MSCI Inc.’s move to resume coverage of Saudi shares in standalone indexes could pave the way for emerging-market status should the exchange open to foreign investors, Schroder Investment Management Ltd. and Citigroup Inc. said.
“This is a very positive development and a step in the right direction for a potential inclusion into the MSCI Emerging Markets Index, once the market opens up for foreign investments,” Rami Sidani, the Dubai-based head of Middle East and North Africa investments at Schroder Investment Management, whose parent company oversees about $291 billion, said in a telephone interview.
The Capital Market Authority in Saudi Arabia, the world’s top oil exporter and home to the biggest stock market in the Persian Gulf, said in January it will allow overseas companies to list securities on the bourse. The decision helped fuel speculation the kingdom is taking steps to open up its exchange to foreign, non-regional investors, who currently can’t directly invest.
Investors are seeking access to Saudi Arabia as the government of the largest Arab economy pursues more than $500 billion of spending to build real estate, infrastructure and industry. Among companies trading on the Saudi bourse are Saudi Basic Industries Corp., the world’s biggest petrochemicals company, and Kingdom Holding Co., the investment company controlled by billionaire Prince Alwaleed bin Talal.
MSCI, a New York-based index-provider, said yesterday it would reintroduce the MSCI Saudi Arabia Domestic Indices and related regional indexes in June. The index provider said in 2009 it would remove the country’s shares from its Gulf and Arabian equity indexes because of a dispute with the exchange over the licensing of information from the bourse.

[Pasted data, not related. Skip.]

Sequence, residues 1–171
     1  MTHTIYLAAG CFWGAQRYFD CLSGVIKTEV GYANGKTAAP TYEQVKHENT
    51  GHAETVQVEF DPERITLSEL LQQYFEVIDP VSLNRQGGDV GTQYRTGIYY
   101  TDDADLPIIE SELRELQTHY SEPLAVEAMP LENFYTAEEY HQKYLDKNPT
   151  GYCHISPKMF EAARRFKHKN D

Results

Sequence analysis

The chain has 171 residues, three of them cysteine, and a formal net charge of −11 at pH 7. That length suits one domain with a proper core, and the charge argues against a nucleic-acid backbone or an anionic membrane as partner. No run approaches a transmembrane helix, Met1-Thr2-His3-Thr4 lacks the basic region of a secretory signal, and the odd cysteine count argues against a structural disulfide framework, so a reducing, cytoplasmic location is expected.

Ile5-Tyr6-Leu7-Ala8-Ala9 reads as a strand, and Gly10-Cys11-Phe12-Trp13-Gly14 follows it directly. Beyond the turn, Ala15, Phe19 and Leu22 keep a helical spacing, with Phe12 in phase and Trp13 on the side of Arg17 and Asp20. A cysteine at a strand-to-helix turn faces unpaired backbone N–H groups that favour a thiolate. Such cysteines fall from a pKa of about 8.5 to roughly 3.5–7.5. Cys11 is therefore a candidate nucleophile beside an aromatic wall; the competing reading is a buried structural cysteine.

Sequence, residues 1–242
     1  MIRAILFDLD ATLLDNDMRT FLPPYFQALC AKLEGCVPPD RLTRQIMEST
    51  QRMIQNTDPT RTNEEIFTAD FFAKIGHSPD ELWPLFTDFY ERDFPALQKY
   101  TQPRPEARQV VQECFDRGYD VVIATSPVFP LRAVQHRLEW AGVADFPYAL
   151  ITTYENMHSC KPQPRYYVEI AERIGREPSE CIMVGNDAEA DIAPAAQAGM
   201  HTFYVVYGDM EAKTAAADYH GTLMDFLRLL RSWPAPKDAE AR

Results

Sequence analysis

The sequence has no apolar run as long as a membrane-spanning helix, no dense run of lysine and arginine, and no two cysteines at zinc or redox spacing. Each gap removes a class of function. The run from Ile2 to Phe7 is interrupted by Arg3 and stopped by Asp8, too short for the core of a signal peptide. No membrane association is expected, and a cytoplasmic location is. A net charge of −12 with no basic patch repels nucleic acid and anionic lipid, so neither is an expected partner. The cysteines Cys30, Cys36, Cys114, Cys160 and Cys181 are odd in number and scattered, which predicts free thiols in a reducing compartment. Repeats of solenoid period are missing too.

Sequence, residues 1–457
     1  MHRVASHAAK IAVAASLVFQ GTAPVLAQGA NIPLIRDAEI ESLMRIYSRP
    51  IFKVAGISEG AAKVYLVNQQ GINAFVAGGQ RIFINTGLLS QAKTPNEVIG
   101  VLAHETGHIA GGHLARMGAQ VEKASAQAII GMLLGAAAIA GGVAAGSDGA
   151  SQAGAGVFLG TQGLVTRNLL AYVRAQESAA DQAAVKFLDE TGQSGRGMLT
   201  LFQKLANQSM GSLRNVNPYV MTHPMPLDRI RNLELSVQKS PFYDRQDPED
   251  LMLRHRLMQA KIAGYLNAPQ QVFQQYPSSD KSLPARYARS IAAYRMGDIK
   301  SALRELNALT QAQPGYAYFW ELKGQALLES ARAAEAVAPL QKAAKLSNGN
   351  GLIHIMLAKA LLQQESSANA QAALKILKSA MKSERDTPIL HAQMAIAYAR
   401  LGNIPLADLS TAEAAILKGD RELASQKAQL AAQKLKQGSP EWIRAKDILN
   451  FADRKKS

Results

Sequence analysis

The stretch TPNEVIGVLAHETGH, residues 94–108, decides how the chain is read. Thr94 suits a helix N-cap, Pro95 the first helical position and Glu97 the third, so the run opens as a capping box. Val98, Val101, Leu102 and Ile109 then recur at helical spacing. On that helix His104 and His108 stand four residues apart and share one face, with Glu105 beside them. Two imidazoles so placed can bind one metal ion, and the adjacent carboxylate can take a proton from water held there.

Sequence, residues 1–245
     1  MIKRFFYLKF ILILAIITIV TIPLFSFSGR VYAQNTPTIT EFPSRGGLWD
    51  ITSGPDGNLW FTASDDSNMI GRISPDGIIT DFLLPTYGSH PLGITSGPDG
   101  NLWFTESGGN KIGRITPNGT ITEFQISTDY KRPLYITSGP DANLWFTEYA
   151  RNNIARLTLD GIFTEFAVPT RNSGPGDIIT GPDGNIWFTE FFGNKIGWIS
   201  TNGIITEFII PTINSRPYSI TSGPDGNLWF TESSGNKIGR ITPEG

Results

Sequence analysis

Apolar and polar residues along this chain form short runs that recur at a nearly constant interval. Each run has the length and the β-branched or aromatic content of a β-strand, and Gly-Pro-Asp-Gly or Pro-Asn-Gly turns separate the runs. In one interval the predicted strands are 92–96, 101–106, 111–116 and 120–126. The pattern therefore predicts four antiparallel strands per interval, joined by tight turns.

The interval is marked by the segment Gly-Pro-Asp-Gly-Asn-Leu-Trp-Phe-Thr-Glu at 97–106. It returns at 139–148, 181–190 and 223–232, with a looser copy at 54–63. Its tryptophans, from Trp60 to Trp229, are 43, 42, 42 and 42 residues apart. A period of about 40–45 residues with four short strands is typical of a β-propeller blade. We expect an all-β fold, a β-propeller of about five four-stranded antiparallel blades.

Manuel Rensink, MSCI’s head of Middle East and North Africa, didn’t answer two calls to his mobile phone and calls to the company’s office in New York weren’t answered.
Saudi Arabia’s Tadawul All Share Index has returned 18 percent this year, the second-best performer in the Persian Gulf after Dubai and compared with a 12 percent gain in the MSCI Emerging Markets Index. The Saudi measure slipped 0.2 percent to 7,545.28 at the 3:30 p.m. close in Riyadh today.
The country is the latest in the six-nation Gulf Cooperation Council to move closer to gaining the emerging-markets designation at MSCI, which helps exchanges lure investors because fund managers buy their shares to mirror MSCI’s indexes. Qatar and the United Arab Emirates are up for review in June after MSCI in December delayed for a second time in 2011 a decision on whether to upgrade the two nations to emerging-market status.
Israel’s benchmark TA-25 Index has surged 37 percent since MSCI announced the country’s promotion to developed-market status in June 2009.
Six of the GCC’s seven bourses are classified as frontier markets by MSCI, a designation for countries with an average stock-market value of about $30 billion, 94 percent less than in emerging nations, according to data compiled by Bloomberg.
“Almost any way you look at it, Saudi belongs in emerging markets” should foreign ownership restrictions be removed, said Andrew Howell, a London-based strategist for frontier and emerging European markets at Citigroup. “There is no doubt that the market has been anticipating to some degree that Saudi will be opening more.”
Saudi Arabia will only open its stock exchange to foreign investors in a “gradual” process and after concluding there will be no negative impact on trading, the official Saudi Press Agency reported last month, citing the market regulator’s Chairman Abdulrahman al-Tuwaijri.
“Saudi Arabia from an economic and company perspective offers a lot of attractive features, so it’s something we would be recommending to clients to follow closely and look to add exposure when and if it becomes possible,” Howell said.